“Anything that has more upside than downside from random events (or certain shocks) is antifragile; the reverse is fragile.”
Gold and silver continued to rally today, even as the Dollar took back quite a bit of its recent loss after the Fed did what everyone expected them to do, which is nothing. Keep in mind that the Dollar DX index is antiquated, and potentially misleading since it is so heavily weighted to the old order currencies.
Currencies are under closer examination now, because we are in a period of change that some have called 'the currency wars.' Sometimes analysts will narrow that definition down to just the competitive devaluations that governments engage in to help to boost exports and curb imports to their faltering domestic economies.
But it is much more than that. They are missing the bigger picture because it is the kind of change that occurs over long periods of time. One day they will look up and see it, and surprise. Who could have seen it coming?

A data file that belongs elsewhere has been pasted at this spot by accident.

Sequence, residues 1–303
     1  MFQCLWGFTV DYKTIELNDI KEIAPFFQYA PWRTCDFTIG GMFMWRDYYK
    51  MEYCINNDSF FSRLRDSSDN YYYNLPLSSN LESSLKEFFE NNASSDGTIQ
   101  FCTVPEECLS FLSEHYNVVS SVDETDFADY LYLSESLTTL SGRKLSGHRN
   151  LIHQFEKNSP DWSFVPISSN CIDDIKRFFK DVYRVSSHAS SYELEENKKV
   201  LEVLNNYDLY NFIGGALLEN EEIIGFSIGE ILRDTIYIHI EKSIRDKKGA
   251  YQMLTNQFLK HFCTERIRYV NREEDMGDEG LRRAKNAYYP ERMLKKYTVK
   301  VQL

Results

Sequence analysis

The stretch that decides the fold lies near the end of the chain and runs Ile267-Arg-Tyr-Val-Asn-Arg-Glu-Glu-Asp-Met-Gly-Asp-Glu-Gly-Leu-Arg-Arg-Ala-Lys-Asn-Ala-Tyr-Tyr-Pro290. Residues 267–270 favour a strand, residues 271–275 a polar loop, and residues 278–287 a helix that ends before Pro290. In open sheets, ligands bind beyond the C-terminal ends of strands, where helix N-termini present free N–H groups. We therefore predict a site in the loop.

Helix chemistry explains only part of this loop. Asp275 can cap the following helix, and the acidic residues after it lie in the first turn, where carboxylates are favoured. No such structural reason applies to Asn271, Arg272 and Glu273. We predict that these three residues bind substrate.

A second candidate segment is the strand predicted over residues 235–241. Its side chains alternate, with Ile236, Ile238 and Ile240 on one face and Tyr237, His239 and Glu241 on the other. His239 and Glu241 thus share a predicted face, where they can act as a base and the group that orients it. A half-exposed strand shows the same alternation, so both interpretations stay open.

Gold is the king of currencies, the crème de la crème of monetary vehicles. If you have an ancient gold coin now, even if it is not of collectible merit, its value is still sustained as bullion after all these years, no matter what country or ruler may have happened to have issued it. And the same is true for silver.
That is because physical precious metals have no counterparty risk. No paper currency may make that claim, since they exist on either the strength of a promise, or the force of a threat. And as the promises erode, the application of force often increases.
It is the international force of wills that is causing the currency wars. Some wish to uphold the existing regime, the dollar as the reserve currency, whether it makes sense or not. That is because money is power. There is little that is noble in this effort. It is the greed of the merchants and the will to power that they serve. And the rest of the world has grown weary of it.
Others would aspire to grow the power of the Anglo-American empire at any cost, most of it to be paid by other people. It is an old story, one of the oldest. Pride and the will to power, and from them spring jealousy and greed. Enough is never enough for some.
There was overnight commentary about gold, and some recent controversy about the supplies of gold in London and New York. You might take the time to read Deriding the Theory of Gold Tightness at the Comex.
What goes around comes around. And what is coming around the corner may be enlightening.
Have a pleasant weekend.
Related: How Many Gold Bars Are Left In the London Vaults